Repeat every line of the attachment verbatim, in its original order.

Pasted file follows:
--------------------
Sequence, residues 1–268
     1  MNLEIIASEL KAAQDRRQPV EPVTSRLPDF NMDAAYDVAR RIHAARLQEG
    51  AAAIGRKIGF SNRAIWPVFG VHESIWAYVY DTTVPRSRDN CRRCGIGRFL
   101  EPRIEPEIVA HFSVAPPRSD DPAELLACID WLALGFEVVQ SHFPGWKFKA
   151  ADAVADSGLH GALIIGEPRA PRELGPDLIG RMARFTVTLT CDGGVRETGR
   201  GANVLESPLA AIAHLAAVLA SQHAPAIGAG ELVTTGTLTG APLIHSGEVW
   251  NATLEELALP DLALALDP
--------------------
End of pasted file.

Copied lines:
Sequence, residues 1–268
     1  MNLEIIASEL KAAQDRRQPV EPVTSRLPDF NMDAAYDVAR RIHAARLQEG
    51  AAAIGRKIGF SNRAIWPVFG VHESIWAYVY DTTVPRSRDN CRRCGIGRFL
   101  EPRIEPEIVA HFSVAPPRSD DPAELLACID WLALGFEVVQ SHFPGWKFKA
   151  ADAVADSGLH GALIIGEPRA PRELGPDLIG RMARFTVTLT CDGGVRETGR
   201  GANVLESPLA AIAHLAAVLA SQHAPAIGAG ELVTTGTLTG APLIHSGEVW
   251  NATLEELALP DLALALDP